MD: Yes. Serdar and I started off as promoters, and over time added producing festivals and running a nightclub to the list. Today, while we continue to produce one-off shows in and around town, we wanted to bring our experience in doing these events to a live music hall.

LCC: Your schedule for April is as eclectic as anybody could want. Palestinian-American songwriter Stephan Said continues his monthly residency; you also have jazz, Turkish music, a terrific classical pianist playing her cd release show, Turku’s hypnotic Silk Road songs on the 16th, and diverse Middle Eastern sounds with Duo Jalal on the 27th, just to name a few events. Anything else that we should know about?

MD: I would add to that list the Beatrockers & Hardknockers event on April 23rd – the ultimate showcase of the beatbox artform. Poum Tchack, a sextet from the South of France, who are elegant and classy, will play on April 30th. Last but not least, new-soul-comer Chris Turner will play at Drom in April.

LCC: Maybe this isn’t your department – or maybe it is – but I noticed that while pretty much every other restaurant out there has raised their prices, Drom’s are lower than they were last year. And the menu is simplified. What’s up with that? Will you still have that mezze [appetizer] plate that I love so much?

MD: We have simplified the menu because we have a better idea now of what people eat when they attend a concert at our venue. We are primarily a live music hall:  to complement that, we’ve added easy-to-eat main courses, bar food and finger food to the menu. Don’t worry, your fave appetizers will remain on the menu!

LCC: Is there a reason why your place is so pleasant and so many other clubs aren’t? I mean, when I go to Arlene Grocery, the crackhead who does the door acts like she wants to rip my head off. If I want a decent seat anywhere near the stage at City Winery, I have to show up super early. Yet when I come to your place, it’s dark and cozy, everybody’s friendly and relaxed, I can always manage to find a spot somewhere to sit if I’m hungry and I never start to feel like going up and strangling the sound guy. Does one have to be Turkish or Bulgarian to run a club that doesn’t make the customers feel like they’re in a concentration camp?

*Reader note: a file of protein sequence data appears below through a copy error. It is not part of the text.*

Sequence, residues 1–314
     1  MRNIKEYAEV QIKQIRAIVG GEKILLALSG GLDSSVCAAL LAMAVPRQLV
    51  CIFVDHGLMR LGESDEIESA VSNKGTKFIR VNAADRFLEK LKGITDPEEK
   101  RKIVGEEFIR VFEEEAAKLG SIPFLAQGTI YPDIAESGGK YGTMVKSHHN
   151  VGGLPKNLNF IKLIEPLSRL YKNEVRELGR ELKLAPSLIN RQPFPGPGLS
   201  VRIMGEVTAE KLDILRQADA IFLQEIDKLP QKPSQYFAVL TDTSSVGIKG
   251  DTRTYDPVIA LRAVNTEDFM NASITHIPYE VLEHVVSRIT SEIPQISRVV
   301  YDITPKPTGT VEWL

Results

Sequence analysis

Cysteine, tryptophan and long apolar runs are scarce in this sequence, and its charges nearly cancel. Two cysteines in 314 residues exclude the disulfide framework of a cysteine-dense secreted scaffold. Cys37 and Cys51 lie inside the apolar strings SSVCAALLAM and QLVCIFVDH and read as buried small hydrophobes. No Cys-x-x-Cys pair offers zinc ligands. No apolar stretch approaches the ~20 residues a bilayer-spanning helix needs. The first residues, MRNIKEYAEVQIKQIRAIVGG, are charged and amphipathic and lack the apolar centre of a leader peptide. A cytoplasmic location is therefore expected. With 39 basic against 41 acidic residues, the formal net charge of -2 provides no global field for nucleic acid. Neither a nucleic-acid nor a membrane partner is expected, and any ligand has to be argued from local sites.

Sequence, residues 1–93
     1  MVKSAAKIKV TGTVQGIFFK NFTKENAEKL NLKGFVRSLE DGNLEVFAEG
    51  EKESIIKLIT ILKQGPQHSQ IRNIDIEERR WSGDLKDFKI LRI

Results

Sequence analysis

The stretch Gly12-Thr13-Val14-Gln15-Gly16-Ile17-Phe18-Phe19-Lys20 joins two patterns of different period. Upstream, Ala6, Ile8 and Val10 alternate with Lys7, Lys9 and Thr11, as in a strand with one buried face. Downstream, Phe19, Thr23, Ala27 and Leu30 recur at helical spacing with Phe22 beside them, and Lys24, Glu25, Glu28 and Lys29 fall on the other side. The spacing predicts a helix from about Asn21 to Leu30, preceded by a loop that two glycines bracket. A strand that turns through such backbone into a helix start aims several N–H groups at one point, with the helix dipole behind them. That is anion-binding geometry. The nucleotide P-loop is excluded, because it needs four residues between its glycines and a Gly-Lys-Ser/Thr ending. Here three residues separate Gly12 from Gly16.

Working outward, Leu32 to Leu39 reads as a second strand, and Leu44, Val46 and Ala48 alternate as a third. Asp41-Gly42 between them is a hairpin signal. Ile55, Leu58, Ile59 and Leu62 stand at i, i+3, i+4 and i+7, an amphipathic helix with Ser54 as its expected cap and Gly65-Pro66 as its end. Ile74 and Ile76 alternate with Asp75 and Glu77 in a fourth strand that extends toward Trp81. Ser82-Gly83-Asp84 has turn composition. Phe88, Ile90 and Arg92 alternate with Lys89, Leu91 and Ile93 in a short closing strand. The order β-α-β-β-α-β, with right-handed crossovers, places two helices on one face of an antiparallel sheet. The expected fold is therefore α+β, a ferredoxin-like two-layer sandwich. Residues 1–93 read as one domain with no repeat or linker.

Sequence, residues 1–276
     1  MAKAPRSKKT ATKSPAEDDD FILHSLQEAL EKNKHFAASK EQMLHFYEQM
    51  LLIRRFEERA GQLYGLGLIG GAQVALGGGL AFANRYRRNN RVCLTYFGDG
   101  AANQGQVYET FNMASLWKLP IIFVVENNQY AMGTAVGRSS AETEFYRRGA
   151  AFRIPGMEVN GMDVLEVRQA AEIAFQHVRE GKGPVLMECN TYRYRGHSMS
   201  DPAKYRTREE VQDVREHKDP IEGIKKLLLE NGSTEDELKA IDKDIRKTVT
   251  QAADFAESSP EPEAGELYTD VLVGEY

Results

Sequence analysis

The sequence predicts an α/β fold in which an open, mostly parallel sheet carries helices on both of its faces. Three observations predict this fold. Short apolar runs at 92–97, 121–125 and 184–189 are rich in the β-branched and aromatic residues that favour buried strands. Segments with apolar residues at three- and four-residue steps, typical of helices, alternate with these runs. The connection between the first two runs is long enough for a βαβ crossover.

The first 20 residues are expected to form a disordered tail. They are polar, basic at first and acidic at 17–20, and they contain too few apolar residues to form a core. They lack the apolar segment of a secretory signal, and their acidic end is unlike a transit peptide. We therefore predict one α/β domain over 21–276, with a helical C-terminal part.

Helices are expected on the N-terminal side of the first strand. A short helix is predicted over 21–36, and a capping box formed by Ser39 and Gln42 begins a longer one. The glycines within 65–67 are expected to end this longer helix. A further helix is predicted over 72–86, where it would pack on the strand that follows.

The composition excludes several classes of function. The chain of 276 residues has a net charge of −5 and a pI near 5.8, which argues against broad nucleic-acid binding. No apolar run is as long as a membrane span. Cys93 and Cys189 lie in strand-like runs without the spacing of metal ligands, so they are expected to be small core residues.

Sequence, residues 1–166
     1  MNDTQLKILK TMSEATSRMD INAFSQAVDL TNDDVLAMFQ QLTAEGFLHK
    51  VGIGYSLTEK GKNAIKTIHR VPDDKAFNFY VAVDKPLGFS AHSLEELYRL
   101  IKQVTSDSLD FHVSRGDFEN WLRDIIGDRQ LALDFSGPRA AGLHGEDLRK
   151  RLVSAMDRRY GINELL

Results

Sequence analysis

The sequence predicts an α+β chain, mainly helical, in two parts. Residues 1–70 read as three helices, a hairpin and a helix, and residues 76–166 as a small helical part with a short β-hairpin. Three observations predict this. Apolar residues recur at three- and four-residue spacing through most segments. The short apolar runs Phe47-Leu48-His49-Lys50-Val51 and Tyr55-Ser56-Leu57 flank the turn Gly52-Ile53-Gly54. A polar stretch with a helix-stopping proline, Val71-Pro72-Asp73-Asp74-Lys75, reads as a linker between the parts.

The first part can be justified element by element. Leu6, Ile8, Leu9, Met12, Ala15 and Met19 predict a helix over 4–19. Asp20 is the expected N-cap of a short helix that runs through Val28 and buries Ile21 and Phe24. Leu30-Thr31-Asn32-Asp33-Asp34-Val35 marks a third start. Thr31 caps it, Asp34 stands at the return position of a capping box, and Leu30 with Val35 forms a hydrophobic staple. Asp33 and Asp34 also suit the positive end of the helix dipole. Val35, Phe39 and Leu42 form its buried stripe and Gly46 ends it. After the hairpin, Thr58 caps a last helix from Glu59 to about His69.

MD (laughs): Maybe it’s the Turkish hospitality?!

March 31, 2011 Posted by | Uncategorized | , , , , , , , , , , , , , , , , , , , , , , , , , , , | Leave a comment

This Dec. 10, a Global Dance Party with Real Live Music – Who Knew?

A lot of people know about this, actually – but there’s always room for more. Scott Kettner and Mehmet Dede are the brain trust behind the frequent Is America Part of the World? global dance parties around New York. For awhile they did them at the Brooklyn Yard; this time out they’re at Littlefield. Scott plays drums in the excellent, absurdly eclectic Brazilian-flavored Nation Beat; Mehmet holds down a corner of the Drom nightclub empire and produces music festivals including the NY Gypsy Festival. Here’s their take on their next show, Friday, December 10:

Lucid Culture’s Correspondent: The club’s going to keep the floor open, people will be dancing just as they usually do at your shows, right?

Mehmet Dede: Yes, absolutely. Our series is about the heart and mind as well as the feet – it’s a global party. Dancing and having fun is an important element for us.

LCC: All this is happening Friday, December 10 at Littlefield, showtime says 8 PM, is that actually the time the bands start?